The primary mission of the Perlan Project is scientific discovery. The team wants to collect atmospheric data from the tropopause — the “boundary” between the troposphere and the stratosphere — so that we can better understand climate change. Historically, scientists have assumed that these two atmospheric zones don’t mix and interact, but new studies have shown that this isn’t necessarily the case. Scientists now know that Earth’s lower atmospheric zones do in fact churn and mix together. They exchange heat, air masses, and chemicals — but scientists don’t currently know how exactly it occurs, to what extent this mixing happens, and what effects the phenomenon has on the global climate.

Figuring out this stuff is important, because many of our current climate models are very crude, and assume that there’s very little interaction between the troposphere (lowest layer of our atmosphere) and the stratosphere (the layer above it).  So in order to build a more complete climate model and gain a better understanding of how humans are affecting climate change, we need better atmospheric data from the tropopause.

The thing is, gathering information from the turbulent parts of the atmosphere is tricky. Contrary to what you might assume, you couldn’t get the job done with a sensor studded weather balloon. “A balloon gets blown downwind,” co pilot Morgan explained. “It can’t hover in place; it can’t stay in one spot for two or thee hours; and it can’t take a perfectly vertical profile of a mountain wave. We think in this rising part of the wave is where most of the important processes are occurring related to ozone destruction, so we want to get lots of samples in that range.”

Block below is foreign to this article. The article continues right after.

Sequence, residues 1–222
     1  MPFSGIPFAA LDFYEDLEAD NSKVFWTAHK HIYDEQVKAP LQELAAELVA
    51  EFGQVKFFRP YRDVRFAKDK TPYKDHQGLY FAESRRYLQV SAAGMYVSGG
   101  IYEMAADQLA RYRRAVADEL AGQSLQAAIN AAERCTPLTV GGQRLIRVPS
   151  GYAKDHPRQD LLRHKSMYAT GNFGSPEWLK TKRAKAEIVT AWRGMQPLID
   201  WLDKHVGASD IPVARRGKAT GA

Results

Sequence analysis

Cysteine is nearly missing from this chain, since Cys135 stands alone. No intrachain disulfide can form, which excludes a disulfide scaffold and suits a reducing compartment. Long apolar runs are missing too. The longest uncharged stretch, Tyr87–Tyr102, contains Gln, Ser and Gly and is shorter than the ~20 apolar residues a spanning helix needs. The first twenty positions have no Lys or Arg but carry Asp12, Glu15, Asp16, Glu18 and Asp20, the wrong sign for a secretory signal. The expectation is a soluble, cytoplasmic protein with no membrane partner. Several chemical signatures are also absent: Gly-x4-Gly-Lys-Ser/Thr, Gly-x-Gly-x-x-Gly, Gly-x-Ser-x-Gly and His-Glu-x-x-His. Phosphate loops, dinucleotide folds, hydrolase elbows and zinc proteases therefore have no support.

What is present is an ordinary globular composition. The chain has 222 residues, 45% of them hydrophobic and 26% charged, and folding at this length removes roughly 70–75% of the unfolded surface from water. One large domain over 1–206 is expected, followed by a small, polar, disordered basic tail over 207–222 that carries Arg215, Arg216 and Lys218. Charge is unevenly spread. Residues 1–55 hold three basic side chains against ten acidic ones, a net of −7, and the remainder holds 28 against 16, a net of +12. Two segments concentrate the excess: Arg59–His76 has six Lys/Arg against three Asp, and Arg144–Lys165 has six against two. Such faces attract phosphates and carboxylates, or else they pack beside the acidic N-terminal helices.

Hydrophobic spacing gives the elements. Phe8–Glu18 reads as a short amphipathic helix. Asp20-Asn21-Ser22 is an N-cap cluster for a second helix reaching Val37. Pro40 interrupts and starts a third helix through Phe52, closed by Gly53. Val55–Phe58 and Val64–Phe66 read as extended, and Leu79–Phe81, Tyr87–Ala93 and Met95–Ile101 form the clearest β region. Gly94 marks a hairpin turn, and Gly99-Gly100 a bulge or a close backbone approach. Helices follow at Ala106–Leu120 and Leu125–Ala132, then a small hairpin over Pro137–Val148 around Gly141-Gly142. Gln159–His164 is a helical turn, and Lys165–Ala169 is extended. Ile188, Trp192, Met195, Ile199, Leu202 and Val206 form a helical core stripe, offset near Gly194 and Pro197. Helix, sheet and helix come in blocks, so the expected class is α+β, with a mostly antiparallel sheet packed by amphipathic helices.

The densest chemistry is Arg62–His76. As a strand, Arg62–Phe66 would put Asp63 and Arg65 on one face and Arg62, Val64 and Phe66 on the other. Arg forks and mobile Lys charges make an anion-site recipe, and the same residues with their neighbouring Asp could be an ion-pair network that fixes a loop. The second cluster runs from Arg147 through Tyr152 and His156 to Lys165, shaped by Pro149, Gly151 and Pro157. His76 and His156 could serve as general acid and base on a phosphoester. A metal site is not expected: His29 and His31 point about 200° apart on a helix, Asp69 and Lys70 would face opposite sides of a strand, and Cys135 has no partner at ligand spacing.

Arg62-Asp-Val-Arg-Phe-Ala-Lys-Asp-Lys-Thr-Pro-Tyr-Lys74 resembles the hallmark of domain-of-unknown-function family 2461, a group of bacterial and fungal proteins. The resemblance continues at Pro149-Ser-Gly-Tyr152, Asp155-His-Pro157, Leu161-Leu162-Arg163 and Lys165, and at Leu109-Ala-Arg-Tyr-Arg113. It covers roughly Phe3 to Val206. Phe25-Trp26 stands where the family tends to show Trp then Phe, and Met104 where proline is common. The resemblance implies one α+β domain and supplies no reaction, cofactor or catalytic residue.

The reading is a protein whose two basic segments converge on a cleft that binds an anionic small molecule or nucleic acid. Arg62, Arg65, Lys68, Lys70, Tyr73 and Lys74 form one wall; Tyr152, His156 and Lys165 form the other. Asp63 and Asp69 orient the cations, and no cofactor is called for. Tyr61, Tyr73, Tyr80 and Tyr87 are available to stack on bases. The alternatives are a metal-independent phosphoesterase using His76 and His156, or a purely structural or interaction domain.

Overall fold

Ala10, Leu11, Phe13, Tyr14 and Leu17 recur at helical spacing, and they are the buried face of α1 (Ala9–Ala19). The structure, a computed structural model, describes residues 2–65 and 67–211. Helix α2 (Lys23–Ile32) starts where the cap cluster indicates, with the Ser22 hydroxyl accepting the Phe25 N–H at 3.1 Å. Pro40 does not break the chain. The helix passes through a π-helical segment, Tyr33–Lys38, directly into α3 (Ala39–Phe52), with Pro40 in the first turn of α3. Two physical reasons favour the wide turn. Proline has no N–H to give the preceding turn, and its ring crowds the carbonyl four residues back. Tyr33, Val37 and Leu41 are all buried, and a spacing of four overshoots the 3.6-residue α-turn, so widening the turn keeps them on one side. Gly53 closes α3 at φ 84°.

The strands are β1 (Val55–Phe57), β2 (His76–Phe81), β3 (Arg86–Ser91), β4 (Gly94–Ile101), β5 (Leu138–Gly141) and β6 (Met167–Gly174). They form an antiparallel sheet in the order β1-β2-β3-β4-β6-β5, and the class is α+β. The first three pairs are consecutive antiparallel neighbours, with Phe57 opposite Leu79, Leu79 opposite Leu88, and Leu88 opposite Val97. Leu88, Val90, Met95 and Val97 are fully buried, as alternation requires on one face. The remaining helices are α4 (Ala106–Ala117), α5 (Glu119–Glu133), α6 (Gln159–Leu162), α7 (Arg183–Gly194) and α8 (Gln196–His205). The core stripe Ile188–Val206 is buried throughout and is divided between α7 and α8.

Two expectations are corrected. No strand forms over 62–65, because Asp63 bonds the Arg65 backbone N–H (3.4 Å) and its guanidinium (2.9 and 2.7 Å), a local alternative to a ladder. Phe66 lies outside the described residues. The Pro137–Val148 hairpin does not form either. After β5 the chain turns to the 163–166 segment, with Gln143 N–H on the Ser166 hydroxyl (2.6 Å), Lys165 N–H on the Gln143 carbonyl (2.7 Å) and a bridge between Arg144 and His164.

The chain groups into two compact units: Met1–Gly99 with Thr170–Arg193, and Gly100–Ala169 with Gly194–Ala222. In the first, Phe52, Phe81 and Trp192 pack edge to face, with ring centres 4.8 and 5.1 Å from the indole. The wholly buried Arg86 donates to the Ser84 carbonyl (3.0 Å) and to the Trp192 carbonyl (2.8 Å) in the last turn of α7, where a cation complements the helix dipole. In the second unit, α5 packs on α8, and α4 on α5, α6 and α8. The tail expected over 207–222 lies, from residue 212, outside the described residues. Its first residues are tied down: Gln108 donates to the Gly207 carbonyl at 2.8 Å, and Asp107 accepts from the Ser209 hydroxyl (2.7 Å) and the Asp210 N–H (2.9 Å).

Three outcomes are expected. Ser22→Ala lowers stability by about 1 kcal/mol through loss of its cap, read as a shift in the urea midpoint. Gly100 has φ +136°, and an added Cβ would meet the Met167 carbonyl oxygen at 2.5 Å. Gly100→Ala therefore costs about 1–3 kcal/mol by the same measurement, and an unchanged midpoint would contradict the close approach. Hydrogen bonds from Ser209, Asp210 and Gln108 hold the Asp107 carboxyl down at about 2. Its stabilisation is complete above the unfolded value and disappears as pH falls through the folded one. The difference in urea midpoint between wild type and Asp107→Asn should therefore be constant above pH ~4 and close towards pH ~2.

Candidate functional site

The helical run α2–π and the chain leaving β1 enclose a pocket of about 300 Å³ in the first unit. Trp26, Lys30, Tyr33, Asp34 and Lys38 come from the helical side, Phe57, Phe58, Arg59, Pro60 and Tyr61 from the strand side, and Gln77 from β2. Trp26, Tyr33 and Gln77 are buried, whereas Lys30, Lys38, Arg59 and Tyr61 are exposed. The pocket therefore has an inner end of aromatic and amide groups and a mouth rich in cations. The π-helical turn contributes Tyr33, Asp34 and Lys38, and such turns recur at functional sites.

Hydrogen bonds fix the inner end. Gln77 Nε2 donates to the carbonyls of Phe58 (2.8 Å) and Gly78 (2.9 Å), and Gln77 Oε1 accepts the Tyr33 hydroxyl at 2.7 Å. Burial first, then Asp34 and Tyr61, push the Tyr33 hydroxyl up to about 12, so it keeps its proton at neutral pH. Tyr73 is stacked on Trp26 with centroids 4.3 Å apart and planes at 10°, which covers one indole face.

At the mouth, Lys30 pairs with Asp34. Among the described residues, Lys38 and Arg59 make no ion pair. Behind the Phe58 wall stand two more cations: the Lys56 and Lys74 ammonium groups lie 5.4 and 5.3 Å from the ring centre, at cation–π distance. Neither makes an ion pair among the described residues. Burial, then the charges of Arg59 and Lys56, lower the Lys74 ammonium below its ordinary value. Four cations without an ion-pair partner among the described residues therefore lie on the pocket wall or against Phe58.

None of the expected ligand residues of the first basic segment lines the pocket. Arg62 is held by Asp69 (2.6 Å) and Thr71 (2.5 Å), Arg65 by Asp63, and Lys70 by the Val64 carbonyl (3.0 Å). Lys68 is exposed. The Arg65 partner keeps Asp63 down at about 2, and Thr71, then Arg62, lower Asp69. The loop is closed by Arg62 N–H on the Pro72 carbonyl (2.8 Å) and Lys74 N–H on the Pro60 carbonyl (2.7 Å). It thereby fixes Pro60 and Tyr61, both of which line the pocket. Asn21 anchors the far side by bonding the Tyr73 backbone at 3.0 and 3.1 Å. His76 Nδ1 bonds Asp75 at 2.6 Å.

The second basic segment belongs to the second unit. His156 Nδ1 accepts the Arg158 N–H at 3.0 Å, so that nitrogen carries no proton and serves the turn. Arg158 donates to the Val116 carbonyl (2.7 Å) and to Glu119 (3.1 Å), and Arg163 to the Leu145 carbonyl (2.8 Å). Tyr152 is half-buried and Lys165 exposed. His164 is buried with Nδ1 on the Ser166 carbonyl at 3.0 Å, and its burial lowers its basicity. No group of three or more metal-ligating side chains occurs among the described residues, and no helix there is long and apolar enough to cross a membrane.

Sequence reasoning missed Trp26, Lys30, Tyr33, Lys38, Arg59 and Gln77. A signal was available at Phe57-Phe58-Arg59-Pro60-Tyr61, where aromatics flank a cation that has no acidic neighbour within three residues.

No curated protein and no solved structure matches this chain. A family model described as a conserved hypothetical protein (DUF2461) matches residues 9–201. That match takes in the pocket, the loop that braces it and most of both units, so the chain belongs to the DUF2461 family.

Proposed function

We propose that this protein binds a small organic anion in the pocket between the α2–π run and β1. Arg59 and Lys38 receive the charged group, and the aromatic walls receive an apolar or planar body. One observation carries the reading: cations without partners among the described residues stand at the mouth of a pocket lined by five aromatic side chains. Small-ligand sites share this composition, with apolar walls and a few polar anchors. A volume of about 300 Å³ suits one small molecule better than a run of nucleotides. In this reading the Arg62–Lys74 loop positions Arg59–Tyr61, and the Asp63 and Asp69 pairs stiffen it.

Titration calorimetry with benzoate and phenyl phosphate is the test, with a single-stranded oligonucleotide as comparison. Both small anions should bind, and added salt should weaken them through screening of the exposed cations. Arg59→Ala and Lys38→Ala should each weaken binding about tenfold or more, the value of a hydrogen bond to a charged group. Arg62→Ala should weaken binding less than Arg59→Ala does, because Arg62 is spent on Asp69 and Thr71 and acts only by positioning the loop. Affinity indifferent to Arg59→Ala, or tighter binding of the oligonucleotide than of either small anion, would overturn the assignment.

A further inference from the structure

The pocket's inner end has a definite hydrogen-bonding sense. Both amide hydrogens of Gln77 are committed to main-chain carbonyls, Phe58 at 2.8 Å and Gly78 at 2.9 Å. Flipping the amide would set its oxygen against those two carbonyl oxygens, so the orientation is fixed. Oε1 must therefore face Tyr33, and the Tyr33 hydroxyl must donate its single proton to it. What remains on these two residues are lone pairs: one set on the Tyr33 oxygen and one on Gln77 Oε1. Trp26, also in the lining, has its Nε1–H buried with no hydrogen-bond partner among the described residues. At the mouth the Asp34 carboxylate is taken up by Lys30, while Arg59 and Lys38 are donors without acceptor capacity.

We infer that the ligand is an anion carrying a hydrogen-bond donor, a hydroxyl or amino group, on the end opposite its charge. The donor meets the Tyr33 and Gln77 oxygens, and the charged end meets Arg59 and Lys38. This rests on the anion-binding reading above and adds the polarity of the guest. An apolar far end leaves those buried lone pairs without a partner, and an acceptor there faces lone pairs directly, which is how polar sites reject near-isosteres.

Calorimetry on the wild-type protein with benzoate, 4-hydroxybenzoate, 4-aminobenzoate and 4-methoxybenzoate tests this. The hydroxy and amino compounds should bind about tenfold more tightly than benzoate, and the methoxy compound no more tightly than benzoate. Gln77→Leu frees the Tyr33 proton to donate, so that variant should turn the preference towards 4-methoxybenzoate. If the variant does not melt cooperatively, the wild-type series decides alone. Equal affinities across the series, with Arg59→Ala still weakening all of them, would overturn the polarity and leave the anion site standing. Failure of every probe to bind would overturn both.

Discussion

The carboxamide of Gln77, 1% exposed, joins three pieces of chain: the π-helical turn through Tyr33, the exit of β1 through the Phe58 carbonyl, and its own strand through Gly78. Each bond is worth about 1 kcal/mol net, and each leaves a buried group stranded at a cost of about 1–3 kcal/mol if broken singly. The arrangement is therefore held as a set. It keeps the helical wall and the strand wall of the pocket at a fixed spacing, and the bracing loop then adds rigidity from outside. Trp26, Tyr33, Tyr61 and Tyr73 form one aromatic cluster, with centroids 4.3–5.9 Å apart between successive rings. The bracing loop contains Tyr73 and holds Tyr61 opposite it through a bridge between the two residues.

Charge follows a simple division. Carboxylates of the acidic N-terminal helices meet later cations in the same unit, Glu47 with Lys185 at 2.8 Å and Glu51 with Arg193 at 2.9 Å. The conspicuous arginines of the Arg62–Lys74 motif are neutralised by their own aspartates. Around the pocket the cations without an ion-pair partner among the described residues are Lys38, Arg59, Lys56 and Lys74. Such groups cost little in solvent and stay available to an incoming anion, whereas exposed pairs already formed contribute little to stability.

Drew Prindle/Digital Trends

Gathering new atmospheric data is the main goal here, but it’s really just the beginning. No aircraft has ever flown higher than 82,000 feet, so while the Perlan 2 is up there gathering atmospheric data, it’ll also provide us with valuable information on how winged aircraft behave in the upper atmosphere. When you’re up that high, the density of the atmosphere is considerably lower, so planes need to fly faster to generate enough lift, and their wings behave differently. Furthermore, in terms of density, the atmosphere up at 90,000 feet is extremely similar to the density of the Martian atmosphere, so any insights that the Perlan crew gains will be invaluable when it comes time to build aircraft that can fly on Mars.

“The important thing to remember is that not everything has been discovered,” Enevoldson told the audience. “There’s still wonderful adventures and discoveries to be made. Many of us tell us tell people that the ‘sky’s the limit’ — but the sky is not the limit. The sky is where we live.”